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Challenges confront brands chasing World Cup glory

2014-06-19 13:53 Global Times Web Editor: Qin Dexing

Soccer spectacle kicks up sponsorship dilemmas

With much of the globe now caught in the excitement of the World Cup, most consumers could be forgiven for not noticing the branding war that is now being waged all around them.

Standing before their local supermarket shelves, shoppers might get the impression that PepsiCo, which is now selling cans and bottles of its various drinks emblazed with images of Argentine superstar Lionel Andrés Messi, is an official sponsor of the World Cup in Brazil. This, however, is not the case. In actuality, Pepsi's biggest rival, Coca Cola, is a partner of FIFA, the international federation which governs professional soccer and organizes the World Cup. Despite this, Coca Cola's products do not currently feature the World Cup logo; although its own advertisements will be displayed in Brazilian stadiums during all 64 of this year's matches.

Many of the world's largest multinational companies have long relied on the popularity of mega sporting events to advertise their products and services globally. A successful example here comes from South Korea's Hyundai Motors. The automaker spent 1.5 billion euros ($2.03 billion) to become a sponsor of the World Cup in 2002, a year when its US auto sales surged by some 40 percent, according to media reports.

But for sponsors who have suffered from declining profitability and losses over past years, throwing tens of millions of dollars into World Cup sponsorship is a risky play.

German sportswear company Adidas AG, another FIFA partner, posted a 34 percent year-on-year decline in the net profits during the first quarter of 2014. Still, the company says that its sponsorship deal is expected to translate into record sales of its soccer equipment and apparel. Meanwhile, things are looking shaky as well for fellow FIFA partner Sony Corp, which lost $1.26 billion during its 2013 financial year and expects another loss of $487 million this year.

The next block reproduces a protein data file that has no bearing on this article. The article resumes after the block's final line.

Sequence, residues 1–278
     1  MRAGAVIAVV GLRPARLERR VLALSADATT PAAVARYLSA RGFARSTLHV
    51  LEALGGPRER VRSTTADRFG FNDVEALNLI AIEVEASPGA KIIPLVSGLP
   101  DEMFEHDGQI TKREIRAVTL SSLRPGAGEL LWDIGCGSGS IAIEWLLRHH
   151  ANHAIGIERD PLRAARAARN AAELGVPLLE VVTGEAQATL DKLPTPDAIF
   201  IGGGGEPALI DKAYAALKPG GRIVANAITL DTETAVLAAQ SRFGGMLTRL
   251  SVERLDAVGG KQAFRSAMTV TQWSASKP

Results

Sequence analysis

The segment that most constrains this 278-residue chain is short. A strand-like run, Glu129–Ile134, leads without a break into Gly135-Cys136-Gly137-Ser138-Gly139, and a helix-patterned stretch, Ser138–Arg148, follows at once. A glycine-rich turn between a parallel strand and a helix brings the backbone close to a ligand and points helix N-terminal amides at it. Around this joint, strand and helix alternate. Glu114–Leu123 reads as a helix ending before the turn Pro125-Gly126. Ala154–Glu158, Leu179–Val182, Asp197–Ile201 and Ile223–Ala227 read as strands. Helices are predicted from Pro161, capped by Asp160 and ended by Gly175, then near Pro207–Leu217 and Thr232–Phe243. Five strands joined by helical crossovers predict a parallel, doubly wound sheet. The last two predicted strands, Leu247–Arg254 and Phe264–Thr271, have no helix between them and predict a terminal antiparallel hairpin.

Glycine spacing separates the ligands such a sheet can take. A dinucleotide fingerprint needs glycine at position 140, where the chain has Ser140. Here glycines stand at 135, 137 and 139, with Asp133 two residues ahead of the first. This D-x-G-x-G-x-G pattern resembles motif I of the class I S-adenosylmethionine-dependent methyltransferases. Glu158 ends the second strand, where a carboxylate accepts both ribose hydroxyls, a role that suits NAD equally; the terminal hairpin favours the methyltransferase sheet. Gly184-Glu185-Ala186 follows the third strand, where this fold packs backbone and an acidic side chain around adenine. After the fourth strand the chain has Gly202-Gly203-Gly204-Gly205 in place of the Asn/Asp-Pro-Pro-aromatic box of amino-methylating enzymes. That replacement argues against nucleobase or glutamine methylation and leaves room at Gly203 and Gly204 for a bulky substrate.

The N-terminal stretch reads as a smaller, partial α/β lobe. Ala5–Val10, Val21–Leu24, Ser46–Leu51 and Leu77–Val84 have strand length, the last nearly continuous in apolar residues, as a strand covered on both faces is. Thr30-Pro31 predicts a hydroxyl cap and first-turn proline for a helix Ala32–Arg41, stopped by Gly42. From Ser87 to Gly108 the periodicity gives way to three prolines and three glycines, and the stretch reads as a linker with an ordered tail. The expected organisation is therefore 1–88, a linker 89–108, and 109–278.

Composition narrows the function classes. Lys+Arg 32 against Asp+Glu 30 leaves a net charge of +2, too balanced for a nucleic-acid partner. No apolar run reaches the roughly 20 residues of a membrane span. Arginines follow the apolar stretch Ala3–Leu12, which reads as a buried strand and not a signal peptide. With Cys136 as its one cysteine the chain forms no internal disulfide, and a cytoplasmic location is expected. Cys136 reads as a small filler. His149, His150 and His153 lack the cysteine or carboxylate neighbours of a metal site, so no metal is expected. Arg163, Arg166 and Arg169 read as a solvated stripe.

World Cup sponsors must also contend with ambush marketing and counterfeit products. According to most definitions, ambush marketers take advantage of the profile of an event to create a commercial association or seek promotional exposure without the authorization of the event's organizers.

FIFA has vowed to crack down on ambush marketing during the World Cup as a way to protect sponsors and its own interests. Marketing rights sales generated by this year's World Cup totalled $404 million in 2013, making this the second largest source of income for the event after the sale of television rights. But crafty advertisers have historically found ways to ride public interest tides without shelling out a dime for rights.

For example, during the London 2012 Olympic Games, Nike launched an advertising campaign featuring amateur athletes competing in various places around the world named London (for example: Little London, Jamaica; East London, South Africa). Ultimately, the legal team working with London Olympic organizers did not take action against Nike after ruling that its boundary-pushing campaign had not broken rules designed to protect the sponsors' rights.

This year, Nike returned to the same playbook with the release of an advertisement showing Portugal's Cristiano Ronaldo, Brazil's Neymar and England's Wayne Rooney preparing for the World Cup. The US sportswear maker also sponsors 10 national teams including Brazil, England and Portugal. Adidas, meanwhile, sponsors nine teams such as Germany, Spain and Argentina. Whichever company winds up sponsoring the event's eventual champion will surely see an increase in brand exposure. In the end, Nike may be able to outshine Adidas not just through numerical sponsorship superiority, but through its association with the Brazilian national team, which many see as the favorite.

Last but not least, intellectual property right infringements may also hurt the interests of official sponsors.

On this front, customs authorities in China have been clamping down on violators since April. Under such efforts, customs authorities in Shenzhen have seized a reported 520,000 unauthorized World Cup-related products worth an estimated 1.7 million yuan ($272,000). Authorities in other cities have also confiscated unauthorized products due for export to South American, African and Southeast Asian markets.

Speaking of China, Yingli Solar is now the only Chinese company to sponsor the current World Cup games. We should look at this deal in a rational light. Will the World Cup push Yingli into a deeper loss or save it from a deficit?

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